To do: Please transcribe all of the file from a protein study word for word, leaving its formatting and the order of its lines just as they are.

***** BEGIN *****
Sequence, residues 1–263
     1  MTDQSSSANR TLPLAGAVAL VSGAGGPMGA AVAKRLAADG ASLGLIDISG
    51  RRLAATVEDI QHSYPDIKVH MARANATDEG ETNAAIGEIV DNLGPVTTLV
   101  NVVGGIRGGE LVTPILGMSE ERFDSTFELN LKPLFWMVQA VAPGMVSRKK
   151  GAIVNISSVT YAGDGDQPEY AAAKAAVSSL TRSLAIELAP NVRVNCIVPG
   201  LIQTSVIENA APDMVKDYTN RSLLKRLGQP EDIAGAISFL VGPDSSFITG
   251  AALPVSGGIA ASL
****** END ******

Sequence, residues 1–263
     1  MTDQSSSANR TLPLAGAVAL VSGAGGPMGA AVAKRLAADG ASLGLIDISG
    51  RRLAATVEDI QHSYPDIKVH MARANATDEG ETNAAIGEIV DNLGPVTTLV
   101  NVVGGIRGGE LVTPILGMSE ERFDSTFELN LKPLFWMVQA VAPGMVSRKK
   151  GAIVNISSVT YAGDGDQPEY AAAKAAVSSL TRSLAIELAP NVRVNCIVPG
   201  LIQTSVIENA APDMVKDYTN RSLLKRLGQP EDIAGAISFL VGPDSSFITG
   251  AALPVSGGIA ASL